The Gravenhurst station was divested by CN years ago and is owned by the town. If I recall, there is (or was) a vet clinic there as well. Others, including South River, Huntsville and Temagami are the same. The passing track hasn't been used for decades except for the occasional MOW equipment storage. The contracts were just let for shelters, crossing and track improvements.
 
Drove through Gravenhurst today (childhood bakery to visit). Nary a sign nor word of the revitalized train service, but did notice that the station is now an overgrown taxi depot, and the passing siding has been cut by roadwork. Much to do I think before the ‘Cottage Express’ becomes a reality……well until a new government decides this is a fiscally irresponsible program and votes for enhanced bus service to North Bay, with connections to the near north from there.
If service is starting in 2026 is there a point in sprucing up now when weeds and graffiti will undo the work in the meantime?
 
If service is starting in 2026 is there a point in sprucing up now when weeds and graffiti will undo the work in the meantime?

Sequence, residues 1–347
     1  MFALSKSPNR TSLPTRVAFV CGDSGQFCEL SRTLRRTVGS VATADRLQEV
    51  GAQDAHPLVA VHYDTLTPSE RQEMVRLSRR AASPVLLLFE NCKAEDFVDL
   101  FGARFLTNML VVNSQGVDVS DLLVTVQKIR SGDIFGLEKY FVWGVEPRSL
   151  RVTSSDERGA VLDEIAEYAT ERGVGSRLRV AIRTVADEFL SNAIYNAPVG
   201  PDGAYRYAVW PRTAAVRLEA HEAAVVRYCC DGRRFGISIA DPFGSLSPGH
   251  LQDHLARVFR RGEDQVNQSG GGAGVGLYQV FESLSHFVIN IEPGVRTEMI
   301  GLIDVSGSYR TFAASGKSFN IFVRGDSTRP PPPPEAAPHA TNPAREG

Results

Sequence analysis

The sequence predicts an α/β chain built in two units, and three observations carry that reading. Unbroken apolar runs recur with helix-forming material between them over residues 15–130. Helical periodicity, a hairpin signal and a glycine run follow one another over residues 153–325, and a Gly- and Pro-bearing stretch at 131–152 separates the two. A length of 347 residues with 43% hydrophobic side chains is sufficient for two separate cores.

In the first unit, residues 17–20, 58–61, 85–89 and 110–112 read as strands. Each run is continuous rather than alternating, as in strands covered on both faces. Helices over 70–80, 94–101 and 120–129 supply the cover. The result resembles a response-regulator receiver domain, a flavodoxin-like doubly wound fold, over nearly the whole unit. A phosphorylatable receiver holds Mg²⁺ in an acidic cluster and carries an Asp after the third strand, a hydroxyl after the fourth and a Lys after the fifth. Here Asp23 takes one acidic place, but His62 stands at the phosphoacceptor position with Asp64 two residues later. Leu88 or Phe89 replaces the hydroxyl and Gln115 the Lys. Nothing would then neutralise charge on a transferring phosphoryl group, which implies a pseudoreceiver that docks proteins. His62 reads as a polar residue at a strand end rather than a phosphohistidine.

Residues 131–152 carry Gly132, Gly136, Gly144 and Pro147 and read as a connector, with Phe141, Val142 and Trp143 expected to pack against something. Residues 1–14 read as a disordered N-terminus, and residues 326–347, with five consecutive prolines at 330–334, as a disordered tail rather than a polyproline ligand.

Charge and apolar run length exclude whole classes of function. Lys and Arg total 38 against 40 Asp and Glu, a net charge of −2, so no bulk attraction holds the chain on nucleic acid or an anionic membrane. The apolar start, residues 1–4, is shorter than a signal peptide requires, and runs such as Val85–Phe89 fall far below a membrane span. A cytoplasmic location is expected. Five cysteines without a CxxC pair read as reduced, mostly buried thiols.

Good point, but I doubt there will be much 'prettying up' of the ROW beyond perhaps the environs of a station stop and only to the extent of making it safe. Many of the shelters will be going on somebody else's property and I doubt there is much in the budget to spruce up or maintain a spruced-up state.

Railways don't usually do 'pretty'.
 
With stations only being used once per day it's nice to heritage stations doing double duty.

My favourite station for the Northlander is by far Temagami Station. I don't know what it is used for now but if it's an art gallery train some of the staff to give information/sell tickets before/after the train arrives. Keeps the station alive and the use continues outside of departure times.